The Rules of the Road; I

The first rule says:
The Road is trodden in the full light of day, thrown upon the Path by Those Who know and lead. Naught can then be hidden, and at each turn, a man must face himself.

At every turn a disciple makes - in order to serve - he or she faces their own shadow cast by the light from those ahead on the Path. This shadow is the obstruction to the Light resulting from the imperfections in the disciple’s own service expression. Perhaps this shadow-casting is the reason why service is said to be the way of advancement. No clearer way of seeing one’s own faults could exist.

Read more: The Rules of the Road; I

The Rules of the Road; IV

IV. Three things the Pilgrim must avoid. The wearing of a hood, a veil which hides his face from others; the carrying of a water pot which only holds enough for his own wants; the shouldering of a staff without a crook to hold.

Det er tre ting pilegrimen må unngå:

  1. Å skule sitt ansikt med en hette
  2. Å ha med seg av vannkanne med kun nok vann til ham selv og
  3. Å ha en kjepp over skulderen uten en hake å holde noe i

Read more: The Rules of the Road; IV

The Rules of the Road; II

II. Upon the Road the hidden stands revealed. Each sees and knows the villainy of each. And yet there is, with that great revelation, no turning back, no spurning of each other, and no shakiness upon the Road. The Road goes forward into day.

"Upon the Road the hidden stand revealed. Each sees and knows the villainy of each."

Read more: The Rules of the Road; II

The Rules of the Road; V

The fifth rule says:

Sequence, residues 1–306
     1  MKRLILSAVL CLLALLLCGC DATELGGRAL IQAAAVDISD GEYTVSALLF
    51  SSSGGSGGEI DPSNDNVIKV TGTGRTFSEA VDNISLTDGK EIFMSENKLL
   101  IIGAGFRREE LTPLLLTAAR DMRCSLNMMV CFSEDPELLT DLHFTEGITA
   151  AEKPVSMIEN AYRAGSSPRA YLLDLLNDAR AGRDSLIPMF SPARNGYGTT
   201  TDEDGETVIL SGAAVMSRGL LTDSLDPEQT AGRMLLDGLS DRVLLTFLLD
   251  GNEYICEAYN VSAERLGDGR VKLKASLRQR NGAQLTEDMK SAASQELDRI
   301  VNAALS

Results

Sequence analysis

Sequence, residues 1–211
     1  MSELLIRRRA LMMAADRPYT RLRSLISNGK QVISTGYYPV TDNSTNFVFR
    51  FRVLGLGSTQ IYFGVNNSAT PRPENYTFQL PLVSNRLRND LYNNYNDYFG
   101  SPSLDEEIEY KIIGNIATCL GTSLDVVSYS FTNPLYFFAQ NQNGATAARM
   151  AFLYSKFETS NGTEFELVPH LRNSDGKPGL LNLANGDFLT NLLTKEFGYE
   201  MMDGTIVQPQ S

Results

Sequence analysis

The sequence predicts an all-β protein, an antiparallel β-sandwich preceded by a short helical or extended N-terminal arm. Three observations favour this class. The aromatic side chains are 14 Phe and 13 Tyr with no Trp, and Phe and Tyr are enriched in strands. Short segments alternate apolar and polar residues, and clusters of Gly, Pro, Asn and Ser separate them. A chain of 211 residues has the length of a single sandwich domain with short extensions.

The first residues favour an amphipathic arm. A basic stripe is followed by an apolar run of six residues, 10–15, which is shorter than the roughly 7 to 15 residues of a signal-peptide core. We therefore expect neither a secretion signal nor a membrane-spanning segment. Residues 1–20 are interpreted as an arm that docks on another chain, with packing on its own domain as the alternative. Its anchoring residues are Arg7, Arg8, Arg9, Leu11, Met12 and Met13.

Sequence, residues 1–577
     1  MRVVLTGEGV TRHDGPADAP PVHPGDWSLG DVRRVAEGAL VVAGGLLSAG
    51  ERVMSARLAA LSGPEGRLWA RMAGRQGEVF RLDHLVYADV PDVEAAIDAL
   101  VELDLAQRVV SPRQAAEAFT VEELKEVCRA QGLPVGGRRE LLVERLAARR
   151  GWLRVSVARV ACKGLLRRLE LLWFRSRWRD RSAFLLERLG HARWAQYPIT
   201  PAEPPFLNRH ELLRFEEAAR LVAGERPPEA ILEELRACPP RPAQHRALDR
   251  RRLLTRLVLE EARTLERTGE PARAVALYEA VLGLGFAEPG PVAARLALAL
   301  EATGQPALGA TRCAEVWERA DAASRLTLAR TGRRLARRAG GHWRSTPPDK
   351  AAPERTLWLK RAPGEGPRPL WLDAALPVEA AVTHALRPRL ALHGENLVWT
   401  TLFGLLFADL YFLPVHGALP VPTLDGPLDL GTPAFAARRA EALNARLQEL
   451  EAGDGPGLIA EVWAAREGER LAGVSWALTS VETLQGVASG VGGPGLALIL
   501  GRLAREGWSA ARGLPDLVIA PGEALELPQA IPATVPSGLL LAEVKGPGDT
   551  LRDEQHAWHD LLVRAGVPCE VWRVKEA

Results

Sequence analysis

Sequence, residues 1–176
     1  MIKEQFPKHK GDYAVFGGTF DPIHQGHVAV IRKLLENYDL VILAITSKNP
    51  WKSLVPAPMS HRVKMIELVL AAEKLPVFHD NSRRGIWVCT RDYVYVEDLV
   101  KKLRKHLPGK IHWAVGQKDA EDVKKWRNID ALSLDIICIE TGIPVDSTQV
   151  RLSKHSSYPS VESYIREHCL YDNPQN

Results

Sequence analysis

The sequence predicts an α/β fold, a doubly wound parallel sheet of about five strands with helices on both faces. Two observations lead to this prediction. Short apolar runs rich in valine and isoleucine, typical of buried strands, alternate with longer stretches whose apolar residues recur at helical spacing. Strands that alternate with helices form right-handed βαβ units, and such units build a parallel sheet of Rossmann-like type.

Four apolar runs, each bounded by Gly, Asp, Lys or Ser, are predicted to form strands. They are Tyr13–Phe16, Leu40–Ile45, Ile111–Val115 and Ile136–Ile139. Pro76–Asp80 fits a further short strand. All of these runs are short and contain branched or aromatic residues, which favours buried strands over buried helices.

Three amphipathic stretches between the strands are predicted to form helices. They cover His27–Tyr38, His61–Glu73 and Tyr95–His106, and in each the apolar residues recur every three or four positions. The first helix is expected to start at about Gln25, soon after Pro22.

"Each Pilgrim on the Road must carry with him what he needs: a pot of fire, to warm his fellowmen; a lamp, to cast its rays upon his heart and show his fellowmen the nature of his hidden life; a purse of gold, which he scatters not upon the Road but shares with others; a sealed vase, wherein he carries all his aspiration to cast before the feet of Him Who waits to greet him at the gate-a sealed vase."

Read more: The Rules of the Road; V

The Rules of the Road; III

III. Upon that Road one wanders not alone. There is no rush, no hurry. And yet there is no time to lose. Each Pilgrim, knowing this, presses his footsteps forward, and finds himself surrounded by his fellowmen. Some move ahead; he follows after. Some move behind; he sets the pace. He travels not alone.

Read more: The Rules of the Road; III

The Rules of the Road; VI

The sixth rule says:
"The Pilgrim, as he walks upon the Road, must have the open ear, the giving hand, the silent tongue, the chastened heart, the golden voice, the rapid foot, and the open eye which sees the light. He knows he travels not alone. "

Pilegrimen, som han vandrer på stien, må ha det åpne øre, den givende hand, den stille tonge, det rene hjertet, den gyldne stemme, den raske fot og det åpne øye som ser lyset. Han vet han ikke vandrer alene.

Read more: The Rules of the Road; VI